The Student who may be Depressed or Overly Anxious
Your responsibilities are not to diagnose or provide therapy; it is the development of a compassionate and forthright conversation that ultimately helps a student in trouble find understanding, support, and the proper therapeutic resources.
Facts about depression:
Depression is a common mental health problem that varies in severity and duration.
In its less serious form, depression is a temporary reaction to loss, stress, or life challenges. It can be alleviated through the passage of time and/or the natural healing effects of warm supportive social relationships, daily routines, and simple coping strategies like distraction, a structured daily schedule, and exercise. Moderate to severe or chronic depression requires professional help.
Symptoms of depression may include:
- Feelings of emptiness, hopelessness, helplessness, and worthlessness
- A deep and profound sense of sadness
- An inability to experience pleasure
- Irregular eating and sleeping
- Difficulties with concentration, memory, and decision-making
- Fatigue and social withdrawal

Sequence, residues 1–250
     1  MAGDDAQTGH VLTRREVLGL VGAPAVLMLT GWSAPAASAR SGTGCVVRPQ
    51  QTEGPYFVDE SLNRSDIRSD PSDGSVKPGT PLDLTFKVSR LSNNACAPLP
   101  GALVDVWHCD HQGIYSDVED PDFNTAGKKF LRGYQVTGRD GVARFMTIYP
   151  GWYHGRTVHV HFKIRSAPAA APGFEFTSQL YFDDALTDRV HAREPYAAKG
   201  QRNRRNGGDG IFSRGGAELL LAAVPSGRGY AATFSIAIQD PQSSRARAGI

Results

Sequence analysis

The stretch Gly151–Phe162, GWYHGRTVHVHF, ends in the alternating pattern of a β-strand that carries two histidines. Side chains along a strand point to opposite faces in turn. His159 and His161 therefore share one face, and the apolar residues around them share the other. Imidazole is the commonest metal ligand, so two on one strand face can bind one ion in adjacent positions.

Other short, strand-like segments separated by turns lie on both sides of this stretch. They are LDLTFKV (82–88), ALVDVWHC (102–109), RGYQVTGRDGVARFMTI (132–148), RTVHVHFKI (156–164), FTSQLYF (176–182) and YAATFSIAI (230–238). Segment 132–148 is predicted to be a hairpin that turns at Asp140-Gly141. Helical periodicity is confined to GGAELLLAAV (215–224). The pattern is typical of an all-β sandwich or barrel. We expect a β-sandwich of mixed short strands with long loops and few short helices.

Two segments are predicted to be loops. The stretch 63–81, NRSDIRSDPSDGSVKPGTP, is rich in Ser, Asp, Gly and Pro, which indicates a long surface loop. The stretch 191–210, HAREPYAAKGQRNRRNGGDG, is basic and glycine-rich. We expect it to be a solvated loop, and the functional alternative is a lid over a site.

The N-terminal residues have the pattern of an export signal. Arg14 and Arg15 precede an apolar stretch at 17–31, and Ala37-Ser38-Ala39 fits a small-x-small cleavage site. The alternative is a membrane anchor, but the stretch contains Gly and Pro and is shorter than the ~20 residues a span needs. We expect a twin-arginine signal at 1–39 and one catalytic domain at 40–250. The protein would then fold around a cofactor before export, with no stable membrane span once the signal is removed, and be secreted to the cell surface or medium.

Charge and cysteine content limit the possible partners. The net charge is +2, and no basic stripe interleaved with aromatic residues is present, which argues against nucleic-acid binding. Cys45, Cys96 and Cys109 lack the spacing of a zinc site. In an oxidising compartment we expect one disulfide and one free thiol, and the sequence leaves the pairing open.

Facts about anxiety:
Anxiety can be generalized across a range of situations, or it may be situation-specific
(e.g., test anxiety, social anxiety, and public speaking anxiety).
Symptoms of anxiety may include:
- Irrational fears (losing control, phobias, fear of dying or falling apart)
- Excessive worry (ruminations and obsessions)
- Problems with sleeping or eating
- Substance use
Sometimes depression includes irritation, anxiety, and anger (particularly in men). In its most serious form, depression can be accompanied by self-destructive and/or suicidal thoughts and intentions as a way to escape from the emotional pain.
Research shows, again and again, that depression and anxiety can be highly responsive to both psychotherapy and medication.
Keep in mind:
- Talk to the student in a relevantly private location. You may wish to have another University employee present or within visual or auditory range in case the student's behavior becomes erratic.
- Listen carefully and acknowledge the student's feelings and experiences.
- Be supportive and express your concern about the situation
- Consider having the student immediately call for a counseling appointment
- Remain calm and take the lead in a soothing manner
- Express hope
- Focus on relevant information, speaking concretely and concisely.
- If appropriate, consider flexible arrangements (e.g., extension on a paper or exam), only if appropriate and without violating your academic integrity, as a way to alleviate stress and instill hope.
- If student alludes to having thoughts of suicide (See suicide section), do not leave the student alone. Call the Counseling Center immediately (904) 620-2602, and when possible, walk the student over to the Counseling Center.
- If it is after 4:30 p.m., or on the weekend, contact the UNF Police Department at (904) 620-2800.
- Afterwards, make notes of this meeting given the possibility of any future interaction.